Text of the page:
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Trains of the future in the DB Museum Nuremberg

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Trains of the future in the DB Museum Nuremberg

Dhe future of the railway is more than 200 years old: in the 18th century, low-friction wagon trains with iron wheels running on iron rails became established in British mining. It wasn’t long before far-sighted innovators started thinking about further developing this infrastructure technology as a public service for goods and passenger transport. From today’s perspective, 1825 is considered the final moment of upheaval. At that time, the Stockton & Darlington Railway opened in England as the first public railway to haul trains with steam locomotives. A few basic technical principles have not changed since then: metal wheels roll very efficiently on metal rails with little friction and are track-guided. Even the track gauge of 1435 millimeters is still the same as that used today in most countries around the world for the tracks of new high-speed lines.

Sounds like a rather sedate, straight forward development? The new special exhibition “Futurails. Paths and false paths on rails” at the DB Museum in Nuremberg tells a different story. Because railway history is technical and cultural history full of visions, dreams and ideas. “There is often the assumption that the development of the railways has been linear. But the overall picture is more like biological evolution with its many ramifications and dead ends,” says Rainer Mertens. The historian is deputy director of the DB Museum in Nuremberg and designed the exhibition. It opened at the end of March 2023 and can be seen until December 4, 2023.

Nothing has changed in principle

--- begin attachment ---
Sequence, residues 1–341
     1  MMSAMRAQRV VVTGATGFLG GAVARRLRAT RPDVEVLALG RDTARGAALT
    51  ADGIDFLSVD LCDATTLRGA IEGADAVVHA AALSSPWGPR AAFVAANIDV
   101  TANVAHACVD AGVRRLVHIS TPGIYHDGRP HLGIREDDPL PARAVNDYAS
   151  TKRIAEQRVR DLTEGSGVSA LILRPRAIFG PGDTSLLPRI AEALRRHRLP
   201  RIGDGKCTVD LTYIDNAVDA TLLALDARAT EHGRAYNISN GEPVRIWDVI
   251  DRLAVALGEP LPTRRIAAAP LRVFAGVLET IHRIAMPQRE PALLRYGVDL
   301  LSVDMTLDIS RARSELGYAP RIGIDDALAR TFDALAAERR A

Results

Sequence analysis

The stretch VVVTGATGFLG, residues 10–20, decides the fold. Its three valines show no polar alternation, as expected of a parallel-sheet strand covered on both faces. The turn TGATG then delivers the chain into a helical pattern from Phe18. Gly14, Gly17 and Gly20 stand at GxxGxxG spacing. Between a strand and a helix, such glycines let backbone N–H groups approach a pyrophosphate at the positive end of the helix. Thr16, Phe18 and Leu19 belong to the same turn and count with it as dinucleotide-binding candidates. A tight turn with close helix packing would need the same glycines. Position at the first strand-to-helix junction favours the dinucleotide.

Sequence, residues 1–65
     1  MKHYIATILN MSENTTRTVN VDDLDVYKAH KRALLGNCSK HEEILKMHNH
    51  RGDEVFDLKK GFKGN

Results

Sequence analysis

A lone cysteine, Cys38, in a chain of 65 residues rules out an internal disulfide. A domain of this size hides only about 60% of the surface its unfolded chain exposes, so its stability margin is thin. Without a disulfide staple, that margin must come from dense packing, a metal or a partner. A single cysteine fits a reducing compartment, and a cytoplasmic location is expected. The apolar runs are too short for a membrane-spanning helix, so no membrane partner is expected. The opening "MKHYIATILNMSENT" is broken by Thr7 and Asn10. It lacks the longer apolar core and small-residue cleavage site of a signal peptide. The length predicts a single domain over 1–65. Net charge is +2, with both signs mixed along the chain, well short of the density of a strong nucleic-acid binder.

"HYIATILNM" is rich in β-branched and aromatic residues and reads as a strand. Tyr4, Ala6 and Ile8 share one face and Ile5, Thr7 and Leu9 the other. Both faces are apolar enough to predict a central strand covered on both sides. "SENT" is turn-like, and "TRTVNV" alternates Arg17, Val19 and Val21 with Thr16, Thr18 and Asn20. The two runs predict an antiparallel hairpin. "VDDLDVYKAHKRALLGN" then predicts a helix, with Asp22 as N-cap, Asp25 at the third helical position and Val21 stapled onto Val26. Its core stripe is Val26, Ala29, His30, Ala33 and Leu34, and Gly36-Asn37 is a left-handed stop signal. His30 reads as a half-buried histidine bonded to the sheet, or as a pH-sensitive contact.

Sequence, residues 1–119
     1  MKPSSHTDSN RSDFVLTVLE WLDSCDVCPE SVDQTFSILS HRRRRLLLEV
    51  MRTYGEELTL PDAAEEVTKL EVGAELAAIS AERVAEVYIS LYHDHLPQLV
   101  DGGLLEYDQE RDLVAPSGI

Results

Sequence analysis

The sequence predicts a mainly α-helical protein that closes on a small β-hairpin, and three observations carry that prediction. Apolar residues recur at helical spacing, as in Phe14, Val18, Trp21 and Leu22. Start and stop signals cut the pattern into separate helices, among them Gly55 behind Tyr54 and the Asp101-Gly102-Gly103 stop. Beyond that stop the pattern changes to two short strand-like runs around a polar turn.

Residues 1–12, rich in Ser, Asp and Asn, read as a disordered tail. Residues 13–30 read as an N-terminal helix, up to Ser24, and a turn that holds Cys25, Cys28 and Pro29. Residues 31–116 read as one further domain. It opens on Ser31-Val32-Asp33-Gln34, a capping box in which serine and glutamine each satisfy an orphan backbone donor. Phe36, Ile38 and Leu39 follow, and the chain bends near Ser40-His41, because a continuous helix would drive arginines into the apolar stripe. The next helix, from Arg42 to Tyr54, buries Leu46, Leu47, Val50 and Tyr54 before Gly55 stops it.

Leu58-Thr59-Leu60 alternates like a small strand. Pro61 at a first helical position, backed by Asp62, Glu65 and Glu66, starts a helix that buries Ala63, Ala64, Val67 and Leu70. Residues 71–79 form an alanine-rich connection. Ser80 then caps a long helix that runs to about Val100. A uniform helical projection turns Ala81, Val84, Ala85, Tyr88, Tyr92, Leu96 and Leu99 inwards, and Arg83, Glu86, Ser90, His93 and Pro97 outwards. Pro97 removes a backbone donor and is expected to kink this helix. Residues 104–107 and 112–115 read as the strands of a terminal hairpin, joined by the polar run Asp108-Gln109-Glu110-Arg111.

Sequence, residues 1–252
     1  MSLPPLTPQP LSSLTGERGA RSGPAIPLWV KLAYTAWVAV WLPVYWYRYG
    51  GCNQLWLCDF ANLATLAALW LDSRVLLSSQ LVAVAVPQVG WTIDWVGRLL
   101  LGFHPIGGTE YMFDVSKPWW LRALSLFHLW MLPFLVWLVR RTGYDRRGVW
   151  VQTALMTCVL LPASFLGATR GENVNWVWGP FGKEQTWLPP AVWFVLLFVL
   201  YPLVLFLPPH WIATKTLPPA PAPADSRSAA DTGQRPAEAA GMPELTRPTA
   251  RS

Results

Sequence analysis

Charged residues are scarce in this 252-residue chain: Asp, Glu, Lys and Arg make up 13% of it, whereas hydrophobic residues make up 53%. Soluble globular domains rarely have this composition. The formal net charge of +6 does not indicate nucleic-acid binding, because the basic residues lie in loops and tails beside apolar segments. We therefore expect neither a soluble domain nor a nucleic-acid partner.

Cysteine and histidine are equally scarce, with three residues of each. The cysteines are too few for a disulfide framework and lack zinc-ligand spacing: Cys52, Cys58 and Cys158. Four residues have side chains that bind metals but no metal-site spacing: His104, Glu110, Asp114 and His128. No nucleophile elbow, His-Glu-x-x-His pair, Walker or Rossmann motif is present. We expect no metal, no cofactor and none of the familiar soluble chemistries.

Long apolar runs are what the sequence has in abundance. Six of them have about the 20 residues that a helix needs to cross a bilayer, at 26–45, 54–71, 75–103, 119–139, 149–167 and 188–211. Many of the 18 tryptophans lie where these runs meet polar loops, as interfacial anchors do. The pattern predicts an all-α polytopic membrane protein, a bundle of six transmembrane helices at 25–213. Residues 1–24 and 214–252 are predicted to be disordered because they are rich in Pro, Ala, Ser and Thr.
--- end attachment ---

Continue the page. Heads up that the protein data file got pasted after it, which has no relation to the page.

What is possibly the most astounding finding of the show is the stubbornness with which the adhesion track, which is guided by flanged wheels, has survived to this day. The principle hasn’t changed since the “Adler” locomotive pulled the first train in Germany from Nuremberg to Fürth in 1835 – right up until the latest generation of the Deutsche Bahn’s Intercity Express and other high-speed trains. Leaving aside the drive (before the steam locomotive, the horse in the lead provided the traction power), the tradition goes back even further: “The wheel-rail system is around 250 years old and still works in principle as it did in the beginning”. , confirms Mertens.

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There was never a lack of alternative designs for the further development of the railway system. In the early days of railway history in particular, in the 1820s and 1830s, the openness to technology was immense. The exhibition tells of monorails of various types, overhead railways and magnetic levitation trains, also of trains with pneumatic drives or propellers. All of this has been thought up, many things have been built as prototypes and some have been implemented as isolated solutions. So far, none of the systems have made the big breakthrough – neither the Transrapid nor the space-efficient monorails, of which there are two well-known examples in Germany that are firmly integrated into public transport in Dresden and Wuppertal.





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“Futurails. Paths and wrong turns on rails”

Visions and plans for alternative railway systems are always driven by the desire to increase efficiency and technical improvements: Can the complex construction of the classic track with two rails, sleepers and embankment be replaced by another solution? Are there alternatives to propelling the train versus sending power to the wheels? And could even the air resistance be largely overcome?

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